“There are not many dull moments in the debate about race preferences in university admissions. Nevertheless, the issuance of the recent Fisher v. University of Texas case has often been painted as one of them,” were the beginning sentences of an essay
I wrote for the Federalist Society’s Engage about Fisher I
last year. It continued: “‘In with a bang, out with a fizzle’ is the title of one account of Fisher
, and ‘Fisher’s big news: No big news’ is the headline of another. But perhaps this perennially hot debate has not cooled down after all, and Fisher
is better understood as a cliffhanger—one akin to the ending of Frank Stockton’s 1882 “The Lady or the Tiger?,” which famously leaves the protagonist uncertain whether a beautiful woman or a starved tiger will emerge from behind the door he is about to open.”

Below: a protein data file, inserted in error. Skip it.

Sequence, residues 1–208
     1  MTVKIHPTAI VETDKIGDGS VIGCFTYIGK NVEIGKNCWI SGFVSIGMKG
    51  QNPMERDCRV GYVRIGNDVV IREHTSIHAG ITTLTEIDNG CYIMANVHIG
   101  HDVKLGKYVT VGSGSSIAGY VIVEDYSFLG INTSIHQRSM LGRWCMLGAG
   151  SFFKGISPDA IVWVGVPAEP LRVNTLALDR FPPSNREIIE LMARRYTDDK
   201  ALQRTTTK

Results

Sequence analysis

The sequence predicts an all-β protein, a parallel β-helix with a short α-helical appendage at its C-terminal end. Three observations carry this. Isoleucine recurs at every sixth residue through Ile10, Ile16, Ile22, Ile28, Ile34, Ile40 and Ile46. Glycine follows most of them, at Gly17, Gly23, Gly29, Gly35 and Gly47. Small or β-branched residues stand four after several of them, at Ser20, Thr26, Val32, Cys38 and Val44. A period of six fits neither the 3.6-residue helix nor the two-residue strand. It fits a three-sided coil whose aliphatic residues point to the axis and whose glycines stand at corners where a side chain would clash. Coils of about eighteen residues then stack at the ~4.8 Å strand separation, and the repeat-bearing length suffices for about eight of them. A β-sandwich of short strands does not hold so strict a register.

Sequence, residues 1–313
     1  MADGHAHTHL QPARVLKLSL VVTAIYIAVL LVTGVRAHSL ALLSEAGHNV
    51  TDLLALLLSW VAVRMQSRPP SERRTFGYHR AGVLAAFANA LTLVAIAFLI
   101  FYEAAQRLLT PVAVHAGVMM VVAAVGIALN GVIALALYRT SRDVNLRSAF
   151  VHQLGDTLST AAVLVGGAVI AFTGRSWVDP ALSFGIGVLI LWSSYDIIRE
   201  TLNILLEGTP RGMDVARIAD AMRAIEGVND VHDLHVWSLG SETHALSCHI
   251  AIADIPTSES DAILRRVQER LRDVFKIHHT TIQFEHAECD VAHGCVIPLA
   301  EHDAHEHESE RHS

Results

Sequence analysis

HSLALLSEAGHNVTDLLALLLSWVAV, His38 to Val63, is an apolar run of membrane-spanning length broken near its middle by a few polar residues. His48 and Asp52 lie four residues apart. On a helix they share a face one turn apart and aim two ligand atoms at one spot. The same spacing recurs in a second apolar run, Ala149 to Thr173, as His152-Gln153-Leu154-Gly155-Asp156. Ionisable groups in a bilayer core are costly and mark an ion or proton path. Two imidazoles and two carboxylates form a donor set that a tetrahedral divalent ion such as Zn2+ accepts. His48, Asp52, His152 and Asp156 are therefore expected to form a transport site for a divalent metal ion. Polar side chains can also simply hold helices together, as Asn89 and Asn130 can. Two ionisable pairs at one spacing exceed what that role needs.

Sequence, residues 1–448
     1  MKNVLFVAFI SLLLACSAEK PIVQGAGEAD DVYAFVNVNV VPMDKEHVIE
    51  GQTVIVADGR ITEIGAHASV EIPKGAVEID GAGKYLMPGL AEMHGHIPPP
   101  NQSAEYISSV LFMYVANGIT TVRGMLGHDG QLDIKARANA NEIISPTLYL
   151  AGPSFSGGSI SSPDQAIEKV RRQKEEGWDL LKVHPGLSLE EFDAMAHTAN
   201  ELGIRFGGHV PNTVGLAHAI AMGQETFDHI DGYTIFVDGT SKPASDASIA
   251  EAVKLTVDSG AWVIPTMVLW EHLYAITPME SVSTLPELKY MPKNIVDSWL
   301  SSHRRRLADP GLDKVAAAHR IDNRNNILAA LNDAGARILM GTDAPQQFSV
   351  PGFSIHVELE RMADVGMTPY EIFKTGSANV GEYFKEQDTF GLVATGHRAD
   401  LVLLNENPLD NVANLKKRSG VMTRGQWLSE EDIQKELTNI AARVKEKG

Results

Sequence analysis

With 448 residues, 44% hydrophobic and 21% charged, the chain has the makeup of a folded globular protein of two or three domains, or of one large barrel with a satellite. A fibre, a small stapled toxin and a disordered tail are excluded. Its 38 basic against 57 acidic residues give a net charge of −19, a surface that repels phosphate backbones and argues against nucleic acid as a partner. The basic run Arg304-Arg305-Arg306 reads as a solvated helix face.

Since then, several more chapters of this potboiler have been completed. In July 2014, a 2-1 panel decision upheld the University of Texas at Austin’s… use of race preferences in admissions as constitutional in an opinion that looked awfully like a tiger to critics of race preferences and a lady to preference supporters. It essentially brushed over the Supreme Court’s careful instructions on remand to scrutinize more closely whether UT’s use of preferences are narrowly tailored to achieve the constitutional goal of attaining the educational benefits of student body diversity. In light of this seeming failure to apply appropriate scrutiny, many observers predicted that the highest court would take up the Fisher case again—a prediction that turned out to be correct.
So will a lady or a tiger come out next June (or whenever it is that Fisher II is published?) The bad news for my fellow critics of race-preferential admissions is that I predict it will be a tiger—that the Supreme Court will not want to overturn Grutter and hold that student body diversity is not a compelling state interest that justifies racial preferences in admissions. The good news is that I speculate it will be a paper tiger—i.e. that the court will clarify that courts ought to be sufficiently rigorous in doing narrow-tailoring scrutiny that many real-world college affirmative action programs will fail the test.